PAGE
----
While in-game advertising is in its infancy, increased brand investments (expected to reach $844 million by the end of 2020), a growing active audience (accelerated by the lockdown due to Covid-19) and the creativity of users are developing a new virtual ecosystem with enormous marketing potential. In 2020 the game became a mass attraction with 3.4 billion global users, according to data from the "WARC" game advertising opportunities report, and is moving way beyond its stereotypes to woo, in addition to teenagers, more and more women (almost half of all players) and mothers (for example with “Candy Crush Mums”).
Like many other trends, the pandemic has accelerated the transition to virtual worlds, and as lockdown has deprived people of real social experiences, gaming platforms have once again become recognised as a new social network for the masses, becoming spaces in which to meet people and where you can socialise with many other users.
Whereas it has always considered a lonely and singular experience, in 2020 gaming allowed people to be the inherently social creatures that they are, but in safety. Serenity, adventure, socialisation and discovery can happily co-exist, along with creativity and commerce: when users began to make virtual spaces their own, both artists and brands followed them, with platforms that have hosted concerts and branded pop-up shops. Now that there is no lack of an audience, we are witnessing further investments by brands, which, through marketers, are starting to experiment with the boundaries of the most popular platforms.
Following MAC Cosmetics' lead, beauty emerges as the next industry aiming to dominate the gaming world. Last July, Givenchy collaborated with digital designers behind the "Nook Street Market" account, a game on "Dover Street Market," creating beauty looks that players can apply to their avatar's digital skin in "Animal Crossing". Meanwhile, Venus introduced new "skin-clusive" designs to normalise imperfections in the digital world. But fashion brands too have launched various investments, to create virtual collections and new possibilities for the visual representation of avatars. Louis Vuitton, for example, has produced leather garments for the avatars. The rise of independent creators who leverage social platforms to show and sell their designs directly to players is unveiling a new design economy. Digital artists are becoming the new brand partners, making the collections suitable for direct-to-avatar commerce. “Animal Crossing” quickly turned into a real creative quest that brands want to be a part of. Managed by photographer Kara Chung, the platform now provides a real fashion showcase. Burberry has launched three games on the web in which it promotes new items, but many other brands are also investing in the game in unique ways, on social media or on microsites. Primark has launched “Primark Legends", which allows attendees to act as virtual sales assistants in a Primark digital store. The game reflects the real world, a work experience where it is possible to sell a complete stock, making sure that customers receive a truly special service.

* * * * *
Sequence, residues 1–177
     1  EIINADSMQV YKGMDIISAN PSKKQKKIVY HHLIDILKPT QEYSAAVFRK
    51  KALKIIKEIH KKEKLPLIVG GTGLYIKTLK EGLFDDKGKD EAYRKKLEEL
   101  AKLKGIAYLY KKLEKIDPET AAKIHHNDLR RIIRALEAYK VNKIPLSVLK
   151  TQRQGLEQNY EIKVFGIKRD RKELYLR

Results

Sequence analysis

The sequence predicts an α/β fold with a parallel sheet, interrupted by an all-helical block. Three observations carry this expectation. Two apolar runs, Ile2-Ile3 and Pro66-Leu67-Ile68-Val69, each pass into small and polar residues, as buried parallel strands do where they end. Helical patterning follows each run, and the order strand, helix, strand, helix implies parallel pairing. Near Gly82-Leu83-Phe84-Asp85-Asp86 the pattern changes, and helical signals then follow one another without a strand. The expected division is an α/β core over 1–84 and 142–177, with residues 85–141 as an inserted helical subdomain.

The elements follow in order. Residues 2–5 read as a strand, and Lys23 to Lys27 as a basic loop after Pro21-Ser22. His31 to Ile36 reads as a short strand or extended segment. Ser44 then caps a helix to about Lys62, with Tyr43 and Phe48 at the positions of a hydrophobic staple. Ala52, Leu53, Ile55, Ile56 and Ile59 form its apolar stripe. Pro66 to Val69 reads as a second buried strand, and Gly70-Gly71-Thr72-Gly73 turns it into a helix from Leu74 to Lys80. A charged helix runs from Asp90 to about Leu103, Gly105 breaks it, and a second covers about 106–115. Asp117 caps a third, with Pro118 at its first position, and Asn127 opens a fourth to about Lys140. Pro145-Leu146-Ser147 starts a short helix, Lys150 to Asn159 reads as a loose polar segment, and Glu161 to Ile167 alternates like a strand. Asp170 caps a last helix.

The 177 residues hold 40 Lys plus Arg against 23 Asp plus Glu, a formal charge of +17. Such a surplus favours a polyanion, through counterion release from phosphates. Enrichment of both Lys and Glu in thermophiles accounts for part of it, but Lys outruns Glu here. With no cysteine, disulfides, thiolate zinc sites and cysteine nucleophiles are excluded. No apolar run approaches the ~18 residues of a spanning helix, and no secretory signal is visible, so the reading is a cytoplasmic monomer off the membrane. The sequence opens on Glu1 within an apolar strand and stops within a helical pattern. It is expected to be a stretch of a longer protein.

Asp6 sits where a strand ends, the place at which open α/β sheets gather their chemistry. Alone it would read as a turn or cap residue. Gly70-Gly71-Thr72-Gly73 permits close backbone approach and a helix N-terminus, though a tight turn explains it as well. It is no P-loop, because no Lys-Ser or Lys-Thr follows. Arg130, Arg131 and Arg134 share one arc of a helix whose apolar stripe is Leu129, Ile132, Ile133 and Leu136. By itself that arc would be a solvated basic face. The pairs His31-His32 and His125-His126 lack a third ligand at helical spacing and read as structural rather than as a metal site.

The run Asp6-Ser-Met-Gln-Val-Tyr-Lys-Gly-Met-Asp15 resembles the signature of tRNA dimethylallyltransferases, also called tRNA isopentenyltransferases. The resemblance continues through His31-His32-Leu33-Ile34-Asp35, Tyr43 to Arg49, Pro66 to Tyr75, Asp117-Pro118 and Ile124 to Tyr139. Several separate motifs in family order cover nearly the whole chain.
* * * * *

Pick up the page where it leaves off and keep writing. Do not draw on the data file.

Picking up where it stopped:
A work simulation which, moreover, could become a valuable tool for employee training in the future. In the game, after all, people can revisit pre-pandemic rituals and experiences, such as a carefree visit to a huge shopping mall or a completely random meeting of new people. With the increased interest in games, platforms such as "Animal Crossing" also emerge as the last frontier of marketing for politicians, encouraging users to express virtual political allegiance before the US presidential election. Politics and gaming may seem like an unlikely match, but as early as 2008, when Democratic candidate Barack Obama ran for US presidency, his team made history by placing ads on "Xbox Live" weeks before the election: announcements that appeared on 18 games and which, according to rumours, were a last-minute push to attract more male audiences to the polls.